As we were parting, Kaufman repeated her mantra: “I have a passion for dancing. All Latin dances.” That evening, she was going to her weekly dance session, where, she said, “I dance with professional dancers — six to eight partners each night.” Not bad for 99!






Find us on Facebook!
  • It’s over. The tyranny of the straight-haired, button nosed, tan-skinned girl has ended. Jewesses rejoice!
  • It's really, really, really hard to get kicked out of Hebrew school these days.
  • "If Netanyahu re-opens the settlement floodgates, he will recklessly bolster the argument of Hamas that the only language Israel understands is violence."
  • Would an ultra-Orthodox leader do a better job of running the Met Council?
  • So, who won the war — Israel or Hamas?
  • 300 Holocaust survivors spoke out against Israel. Did they play right into Hitler's hands?
  • Ari Folman's new movie 'The Congress' is a brilliant spectacle, an exhilarating visual extravaganza and a slapdash thought experiment. It's also unlike anything Forward critic Ezra Glinter has ever seen. http://jd.fo/d4unE
  • The eggplant is beloved in Israel. So why do Americans keep giving it a bad rap? With this new recipe, Vered Guttman sets out to defend the honor of her favorite vegetable.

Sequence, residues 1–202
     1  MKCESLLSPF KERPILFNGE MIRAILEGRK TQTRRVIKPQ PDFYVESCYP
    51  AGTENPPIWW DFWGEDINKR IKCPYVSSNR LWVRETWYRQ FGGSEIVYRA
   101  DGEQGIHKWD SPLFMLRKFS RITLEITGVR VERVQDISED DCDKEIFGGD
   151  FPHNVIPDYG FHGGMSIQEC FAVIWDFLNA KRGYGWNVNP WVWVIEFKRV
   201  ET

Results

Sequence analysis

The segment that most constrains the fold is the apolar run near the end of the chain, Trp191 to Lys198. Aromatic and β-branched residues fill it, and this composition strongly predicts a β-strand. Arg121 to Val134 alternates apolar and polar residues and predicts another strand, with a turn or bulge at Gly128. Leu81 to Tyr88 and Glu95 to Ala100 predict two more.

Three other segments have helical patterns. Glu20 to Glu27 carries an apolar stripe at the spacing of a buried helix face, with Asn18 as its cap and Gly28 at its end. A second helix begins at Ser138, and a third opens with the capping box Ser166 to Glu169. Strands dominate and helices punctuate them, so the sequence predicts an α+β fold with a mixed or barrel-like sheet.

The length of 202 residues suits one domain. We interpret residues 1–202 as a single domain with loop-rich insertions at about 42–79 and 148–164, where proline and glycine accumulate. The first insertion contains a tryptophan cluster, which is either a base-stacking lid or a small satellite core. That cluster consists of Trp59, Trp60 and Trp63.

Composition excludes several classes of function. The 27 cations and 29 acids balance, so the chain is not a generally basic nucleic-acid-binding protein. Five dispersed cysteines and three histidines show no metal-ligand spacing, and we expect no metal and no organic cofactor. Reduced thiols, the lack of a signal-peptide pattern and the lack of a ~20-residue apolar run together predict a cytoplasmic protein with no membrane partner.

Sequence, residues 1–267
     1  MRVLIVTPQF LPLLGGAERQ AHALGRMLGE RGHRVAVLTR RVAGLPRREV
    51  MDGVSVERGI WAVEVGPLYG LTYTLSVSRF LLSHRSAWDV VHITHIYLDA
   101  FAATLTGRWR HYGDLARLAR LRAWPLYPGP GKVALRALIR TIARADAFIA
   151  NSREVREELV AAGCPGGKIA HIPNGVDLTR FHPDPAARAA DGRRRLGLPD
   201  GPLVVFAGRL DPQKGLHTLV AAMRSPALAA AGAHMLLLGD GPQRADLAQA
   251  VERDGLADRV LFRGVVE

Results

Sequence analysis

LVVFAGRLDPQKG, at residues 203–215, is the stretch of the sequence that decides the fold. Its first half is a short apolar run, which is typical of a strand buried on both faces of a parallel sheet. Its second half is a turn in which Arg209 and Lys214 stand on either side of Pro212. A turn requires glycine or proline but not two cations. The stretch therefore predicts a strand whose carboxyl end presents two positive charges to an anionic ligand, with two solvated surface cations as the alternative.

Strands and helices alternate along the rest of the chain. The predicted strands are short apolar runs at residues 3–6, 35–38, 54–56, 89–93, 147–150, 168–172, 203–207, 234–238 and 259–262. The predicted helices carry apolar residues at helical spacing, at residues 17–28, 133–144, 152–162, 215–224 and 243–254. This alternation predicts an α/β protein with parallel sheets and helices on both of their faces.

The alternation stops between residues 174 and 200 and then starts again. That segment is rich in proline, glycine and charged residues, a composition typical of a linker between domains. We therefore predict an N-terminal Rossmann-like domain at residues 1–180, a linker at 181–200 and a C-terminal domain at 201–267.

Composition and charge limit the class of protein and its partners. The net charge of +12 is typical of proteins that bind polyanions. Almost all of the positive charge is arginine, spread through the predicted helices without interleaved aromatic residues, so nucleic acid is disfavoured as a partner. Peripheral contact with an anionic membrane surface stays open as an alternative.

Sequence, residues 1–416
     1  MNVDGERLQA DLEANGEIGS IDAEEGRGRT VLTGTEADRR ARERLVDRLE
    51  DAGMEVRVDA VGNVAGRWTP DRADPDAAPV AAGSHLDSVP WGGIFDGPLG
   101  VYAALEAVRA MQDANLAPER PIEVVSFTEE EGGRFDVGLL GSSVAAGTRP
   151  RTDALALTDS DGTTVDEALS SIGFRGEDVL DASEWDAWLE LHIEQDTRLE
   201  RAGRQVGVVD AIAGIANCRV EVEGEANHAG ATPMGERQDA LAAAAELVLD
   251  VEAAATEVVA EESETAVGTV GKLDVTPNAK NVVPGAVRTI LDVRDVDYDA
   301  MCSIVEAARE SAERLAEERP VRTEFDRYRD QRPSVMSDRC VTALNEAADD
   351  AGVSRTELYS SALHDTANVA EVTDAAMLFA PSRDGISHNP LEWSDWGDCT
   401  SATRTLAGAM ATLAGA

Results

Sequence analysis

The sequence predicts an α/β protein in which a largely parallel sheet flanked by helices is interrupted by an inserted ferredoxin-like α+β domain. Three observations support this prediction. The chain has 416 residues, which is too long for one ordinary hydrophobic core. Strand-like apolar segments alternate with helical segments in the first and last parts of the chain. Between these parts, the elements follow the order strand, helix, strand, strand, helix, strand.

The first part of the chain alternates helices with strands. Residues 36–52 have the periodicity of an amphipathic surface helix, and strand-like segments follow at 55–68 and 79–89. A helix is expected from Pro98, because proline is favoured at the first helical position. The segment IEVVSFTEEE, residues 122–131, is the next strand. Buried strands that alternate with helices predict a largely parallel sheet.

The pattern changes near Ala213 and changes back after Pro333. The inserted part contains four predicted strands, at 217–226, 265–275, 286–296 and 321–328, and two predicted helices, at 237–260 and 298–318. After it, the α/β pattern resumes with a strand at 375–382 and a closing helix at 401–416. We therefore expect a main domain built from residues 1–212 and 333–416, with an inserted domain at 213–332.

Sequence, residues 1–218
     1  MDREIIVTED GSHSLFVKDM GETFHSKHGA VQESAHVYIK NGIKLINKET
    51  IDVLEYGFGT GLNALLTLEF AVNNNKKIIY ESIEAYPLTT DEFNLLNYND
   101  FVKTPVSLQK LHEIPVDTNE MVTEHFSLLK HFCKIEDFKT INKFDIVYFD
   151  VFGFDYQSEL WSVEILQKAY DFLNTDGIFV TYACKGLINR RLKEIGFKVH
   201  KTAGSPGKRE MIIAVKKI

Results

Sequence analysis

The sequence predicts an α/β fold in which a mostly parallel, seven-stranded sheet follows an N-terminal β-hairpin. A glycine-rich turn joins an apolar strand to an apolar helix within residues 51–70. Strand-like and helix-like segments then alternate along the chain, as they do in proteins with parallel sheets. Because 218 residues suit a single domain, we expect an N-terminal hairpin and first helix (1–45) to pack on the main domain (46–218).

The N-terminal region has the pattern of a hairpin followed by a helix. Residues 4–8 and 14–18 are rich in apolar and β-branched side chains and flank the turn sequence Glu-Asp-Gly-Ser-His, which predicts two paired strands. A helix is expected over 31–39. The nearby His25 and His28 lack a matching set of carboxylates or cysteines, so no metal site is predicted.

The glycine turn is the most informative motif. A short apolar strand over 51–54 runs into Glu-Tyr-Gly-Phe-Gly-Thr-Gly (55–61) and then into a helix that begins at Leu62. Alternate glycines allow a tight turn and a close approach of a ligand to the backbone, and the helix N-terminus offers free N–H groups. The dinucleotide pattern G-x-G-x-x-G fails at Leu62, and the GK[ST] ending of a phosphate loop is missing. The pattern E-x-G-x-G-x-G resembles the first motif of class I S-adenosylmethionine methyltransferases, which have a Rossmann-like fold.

• “KlezKamp has always been a crazy quilt of gay and straight, religious and nonreligious, Jewish and gentile.” Why is the klezmer festival shutting down now?
  • “You can plagiarize the Bible, can’t you?” Jill Sobule says when asked how she went about writing the lyrics for a new 'Yentl' adaptation. “A couple of the songs I completely stole." Share this with the theater-lovers in your life!
  • Will Americans who served in the Israeli army during the Gaza operation face war crimes charges when they get back home?
  • Talk about a fashion faux pas. What was Zara thinking with the concentration camp look?
  • “The Black community was resistant to the Jewish community coming into the neighborhood — at first.” Watch this video about how a group of gardeners is rebuilding trust between African-Americans and Jews in Detroit.
  • "I am a Jewish woman married to a non-Jewish man who was raised Catholic, but now considers himself a “common-law Jew.” We are raising our two young children as Jews. My husband's parents are still semi-practicing Catholics. When we go over to either of their homes, they bow their heads, often hold hands, and say grace before meals. This is an especially awkward time for me, as I'm uncomfortable participating in a non-Jewish religious ritual, but don't want his family to think I'm ungrateful. It's becoming especially vexing to me now that my oldest son is 7. What's the best way to handle this situation?" http://jd.fo/b4ucX What would you do?
  • Maybe he was trying to give her a "schtickle of fluoride"...
  • from-cache

Would you like to receive updates about new stories?




















We will not share your e-mail address or other personal information.

Already subscribed? Manage your subscription.